Hmm. Wow, loads of great information there. And it got me thinking. So you're saying like, think about your objective? What would you recommend that people's objective should be like, can we just if we've got a course to sell, can we just like push it out there to a cold audience? Like what what should we be doing?

Aggie Meroni  4:07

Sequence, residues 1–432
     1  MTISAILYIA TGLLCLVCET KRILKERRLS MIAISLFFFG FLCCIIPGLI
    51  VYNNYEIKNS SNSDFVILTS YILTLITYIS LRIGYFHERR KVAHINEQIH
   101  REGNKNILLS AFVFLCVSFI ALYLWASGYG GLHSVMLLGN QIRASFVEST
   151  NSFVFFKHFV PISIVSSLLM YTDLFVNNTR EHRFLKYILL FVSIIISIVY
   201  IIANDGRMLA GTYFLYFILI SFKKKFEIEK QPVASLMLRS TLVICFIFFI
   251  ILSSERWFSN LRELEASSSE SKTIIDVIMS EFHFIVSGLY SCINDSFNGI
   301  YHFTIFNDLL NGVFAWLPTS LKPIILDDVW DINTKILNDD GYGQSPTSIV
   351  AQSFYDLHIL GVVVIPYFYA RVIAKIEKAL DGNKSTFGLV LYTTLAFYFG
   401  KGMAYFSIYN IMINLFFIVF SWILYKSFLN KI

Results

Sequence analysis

So this is actually really interesting, and it's something that is growing markets. And I know you're like building and cautious though I've released many courses is that the market is not saturated yet, so that is good. However, if you don't have a strong personal brand, or you don't have an audience to sell to it's extremely hard to have a profitable course. Now, this is something that people are becoming more aware of and course creating courses are starting to include in their syllabuses as well. How do you actually get people about your first answer an amazing way to do this, but you need something called a funnel a sales funnel. If you're selling a course for £1000 or $1,000, for example, It's really unlikely that someone that doesn't know you is going to invest £1000 from seeing your ad. So you need to do something called warming up your audience. So this is the process from taking someone from having no idea who you are having no idea what problem you solve, to getting interested in, you might be doing a bit of research going on your organic social profiles, maybe they'll join your email list. And then they'll become a raving fan of yours and buy the things that you're selling. So that is effectively what your sales funnel is. Now, a lot of people will say, a common funnel that people use is they will have something called a lead magnet. So they might have a free resource, they might have a guide, they might have a mini pre recorded video, they might have a live masterclass that they're promoting.